Science & Technology

UWF addresses workforce shortage in STEM fields with three new degree programs

The University of West Florida is launching three new degree programs in direct response to increased workforce demand in STEM fields. Beginning in Fall 2019, UWF will offer a Master of Science in Cybersecurity; Master of Science in Engineering; and Bachelor of Science in Instructional Design and Technology. The UWF Board of Trustees approved the programs at its quarterly meeting held on March 20, 2019.

“At UWF, we listen to community and industry needs and create relevant degrees for our students,” said UWF President Martha D. Saunders. “We are confident our students will emerge from these programs fully prepared to contribute to the workforce.”

The graduate degree programs in cybersecurity and engineering will be housed within UWF’s Hal Marcus College of Science and Engineering.

“Offering these new degree programs demonstrates UWF’s continued mission to expand academic disciplines in a thoughtful way, and we are eager to see the positive outcomes of this initiative,” said Dr. George Ellenberg, provost and senior vice president.

The establishment of the new master’s degree in cybersecurity within the Department of Computer Science demonstrates UWF’s commitment to address the critical cybersecurity workforce shortage across the nation. The U.S. Bureau of Labor Statistics predicts a 28 percent growth in jobs for this field nationally through 2026. In addition to industry demand, the program is a result of student demand and input from the Computer Science Industrial Advisory Board. UWF currently offers a Master of Science in Information Technology-Cybersecurity specialization, which has doubled in enrollment numbers in the last three years.

UWF is designated as a Center of Academic Excellence in Cyber Defense Education by the NSA and DHS and serves as one of eight Cybersecurity CAE Regional Resource Centers across the nation. This program prepares graduates to be leaders in the protection of data assets and in the analysis of potential threats to systems and networks.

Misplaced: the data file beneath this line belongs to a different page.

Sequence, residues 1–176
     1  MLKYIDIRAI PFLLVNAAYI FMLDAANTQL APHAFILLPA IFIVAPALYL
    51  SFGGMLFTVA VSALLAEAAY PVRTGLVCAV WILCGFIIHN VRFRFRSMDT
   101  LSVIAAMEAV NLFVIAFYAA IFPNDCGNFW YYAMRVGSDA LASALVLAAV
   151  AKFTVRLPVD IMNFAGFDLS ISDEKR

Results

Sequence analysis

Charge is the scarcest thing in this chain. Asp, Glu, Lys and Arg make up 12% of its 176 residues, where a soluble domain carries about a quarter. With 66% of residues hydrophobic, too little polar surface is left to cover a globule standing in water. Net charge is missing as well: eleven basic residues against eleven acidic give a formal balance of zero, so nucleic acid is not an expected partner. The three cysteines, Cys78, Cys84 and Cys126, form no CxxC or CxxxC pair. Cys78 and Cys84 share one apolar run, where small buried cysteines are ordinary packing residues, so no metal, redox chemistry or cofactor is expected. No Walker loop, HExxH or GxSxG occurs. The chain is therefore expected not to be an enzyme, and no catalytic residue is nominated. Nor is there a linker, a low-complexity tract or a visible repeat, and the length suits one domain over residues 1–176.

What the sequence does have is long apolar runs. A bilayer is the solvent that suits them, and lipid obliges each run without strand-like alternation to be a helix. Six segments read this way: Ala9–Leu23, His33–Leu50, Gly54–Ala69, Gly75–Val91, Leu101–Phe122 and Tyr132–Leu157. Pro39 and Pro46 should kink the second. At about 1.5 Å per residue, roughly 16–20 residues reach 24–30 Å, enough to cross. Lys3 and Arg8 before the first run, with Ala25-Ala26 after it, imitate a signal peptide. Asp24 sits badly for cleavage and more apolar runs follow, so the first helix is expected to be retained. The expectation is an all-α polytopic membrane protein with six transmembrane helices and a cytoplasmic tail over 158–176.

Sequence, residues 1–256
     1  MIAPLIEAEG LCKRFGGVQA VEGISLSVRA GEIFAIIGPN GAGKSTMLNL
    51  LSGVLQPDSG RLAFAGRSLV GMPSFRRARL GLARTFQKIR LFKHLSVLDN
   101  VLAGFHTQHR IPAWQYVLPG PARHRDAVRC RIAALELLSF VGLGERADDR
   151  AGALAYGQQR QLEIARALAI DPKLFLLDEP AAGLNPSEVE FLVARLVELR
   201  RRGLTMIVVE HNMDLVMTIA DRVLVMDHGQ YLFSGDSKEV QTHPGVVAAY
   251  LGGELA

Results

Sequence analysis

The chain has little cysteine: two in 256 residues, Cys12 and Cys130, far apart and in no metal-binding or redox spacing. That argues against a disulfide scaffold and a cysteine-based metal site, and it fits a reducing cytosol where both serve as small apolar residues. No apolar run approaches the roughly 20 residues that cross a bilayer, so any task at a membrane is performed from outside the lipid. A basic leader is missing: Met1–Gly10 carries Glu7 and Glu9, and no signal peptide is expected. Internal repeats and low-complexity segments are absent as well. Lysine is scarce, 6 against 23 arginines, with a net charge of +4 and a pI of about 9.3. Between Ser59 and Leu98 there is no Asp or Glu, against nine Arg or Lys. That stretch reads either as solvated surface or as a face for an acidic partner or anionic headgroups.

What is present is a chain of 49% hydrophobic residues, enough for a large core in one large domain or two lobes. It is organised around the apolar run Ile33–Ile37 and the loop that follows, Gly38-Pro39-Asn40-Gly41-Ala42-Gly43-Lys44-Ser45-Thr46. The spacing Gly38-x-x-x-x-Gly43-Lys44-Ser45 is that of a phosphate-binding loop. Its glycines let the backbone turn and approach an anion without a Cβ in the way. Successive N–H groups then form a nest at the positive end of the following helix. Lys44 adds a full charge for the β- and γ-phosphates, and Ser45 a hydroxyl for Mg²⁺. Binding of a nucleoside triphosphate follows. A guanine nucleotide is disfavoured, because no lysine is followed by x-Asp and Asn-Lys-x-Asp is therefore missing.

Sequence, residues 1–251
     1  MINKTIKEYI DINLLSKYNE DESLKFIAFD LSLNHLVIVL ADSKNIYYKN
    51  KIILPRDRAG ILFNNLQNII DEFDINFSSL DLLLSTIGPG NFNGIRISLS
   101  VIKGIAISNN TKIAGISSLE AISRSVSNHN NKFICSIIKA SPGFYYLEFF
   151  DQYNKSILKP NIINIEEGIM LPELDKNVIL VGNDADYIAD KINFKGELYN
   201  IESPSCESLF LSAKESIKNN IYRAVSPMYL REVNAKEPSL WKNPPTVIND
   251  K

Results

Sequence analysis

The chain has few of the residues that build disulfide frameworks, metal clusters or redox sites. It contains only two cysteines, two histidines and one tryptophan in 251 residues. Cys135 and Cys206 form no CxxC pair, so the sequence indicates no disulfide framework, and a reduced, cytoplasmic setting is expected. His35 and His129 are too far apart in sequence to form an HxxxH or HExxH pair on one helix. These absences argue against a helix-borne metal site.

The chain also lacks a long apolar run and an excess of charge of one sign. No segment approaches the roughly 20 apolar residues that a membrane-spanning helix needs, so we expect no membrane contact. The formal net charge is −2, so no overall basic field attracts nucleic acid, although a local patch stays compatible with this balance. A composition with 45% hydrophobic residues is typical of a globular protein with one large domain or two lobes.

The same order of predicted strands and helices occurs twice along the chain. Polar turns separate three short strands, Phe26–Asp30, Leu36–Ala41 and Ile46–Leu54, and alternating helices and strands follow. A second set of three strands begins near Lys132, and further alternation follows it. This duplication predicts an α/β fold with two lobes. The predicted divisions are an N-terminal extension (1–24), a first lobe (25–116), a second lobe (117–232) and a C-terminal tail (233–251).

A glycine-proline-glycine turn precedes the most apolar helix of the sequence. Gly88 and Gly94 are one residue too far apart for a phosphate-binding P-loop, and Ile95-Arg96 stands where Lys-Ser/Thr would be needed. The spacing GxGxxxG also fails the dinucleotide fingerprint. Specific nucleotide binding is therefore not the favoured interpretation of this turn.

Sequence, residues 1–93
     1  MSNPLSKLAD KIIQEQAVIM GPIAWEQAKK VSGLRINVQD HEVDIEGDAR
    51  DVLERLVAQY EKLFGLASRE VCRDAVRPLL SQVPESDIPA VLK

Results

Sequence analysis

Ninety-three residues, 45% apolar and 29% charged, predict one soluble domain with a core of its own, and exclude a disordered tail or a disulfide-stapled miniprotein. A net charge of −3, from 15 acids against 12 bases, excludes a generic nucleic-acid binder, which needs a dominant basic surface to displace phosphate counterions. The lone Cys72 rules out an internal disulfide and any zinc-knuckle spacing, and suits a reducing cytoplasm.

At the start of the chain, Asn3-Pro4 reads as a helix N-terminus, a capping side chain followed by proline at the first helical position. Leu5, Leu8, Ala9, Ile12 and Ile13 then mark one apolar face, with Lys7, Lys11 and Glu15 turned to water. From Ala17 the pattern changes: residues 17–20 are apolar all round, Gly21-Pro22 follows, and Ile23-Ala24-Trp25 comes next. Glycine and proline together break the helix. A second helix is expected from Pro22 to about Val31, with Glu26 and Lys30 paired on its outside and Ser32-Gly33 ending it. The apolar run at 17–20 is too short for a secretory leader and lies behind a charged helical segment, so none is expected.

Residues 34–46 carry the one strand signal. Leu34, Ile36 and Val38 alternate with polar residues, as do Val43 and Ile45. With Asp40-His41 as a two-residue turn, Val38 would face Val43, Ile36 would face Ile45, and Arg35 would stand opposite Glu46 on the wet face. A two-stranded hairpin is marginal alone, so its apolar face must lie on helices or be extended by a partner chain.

The fully online program will offer foundational coursework for students entering the program from fields other than computer science or computer engineering. Students will gain fundamental knowledge and skills in the techniques, policies, operational procedures and technologies that secure and defend the availability, integrity, authentication, confidentiality and non-repudiation of information and information systems and the development of secure software systems.

“The students within the Hal Marcus of College Science and Engineering are here to seize opportunities, learn new ways of innovation and be at the forefront of technological advances,” said Dr. Jaromy Kuhl, dean of the Hal Marcus College of Science and Engineering. “As we add new programs, we’re mindful of the impressive need for expertise in various engineering specializations. UWF has the resources to deploy a highly-skilled workforce of the future, and we’re making it our mission to do so.”

UWF’s Department of Electrical and Computer Engineering and the Department of Mechanical Engineering are collaborating to offer a Master of Science in Engineering. With one of the highest concentrations of engineering jobs in the nation, Northwest Florida is home to numerous military bases, technology companies, and research laboratories that need engineers with advanced degrees.

The program will be a blend of face-to-face, synchronous learning and online courses offered at the UWF Pensacola campus and the Emerald Coast location. Graduates from the program can work in a variety of high-technology industries such as renewable energy, power grid protection, robotics, autonomous vehicles, advanced manufacturing, defense and transportation. Job positions may include senior/lead engineer, engineering project manager and design/product engineer.

“One unique aspect of the College of Education and Professional Studies is that it prepares students for diverse, multifaceted careers in a variety of fields,” said Dr. William Crawley, dean of the UWF College of Education and Professional Studies. “Graduates will have the ability to address complex problems from the perspective of education, training and performance improvement. There’s a true industry need for this, and UWF graduates will be able to fulfill positions right out of the program.”

The Bachelor of Science in Instructional Design and Technology will be housed in the Department of Instructional Design and Technology within the College of Educational and Professional Studies. The program will prepare graduates for positions in training and development across a variety of sectors including education, industry, government, military and healthcare to support the need for more entry-level personnel in the field.

For more information about the new degree programs, visit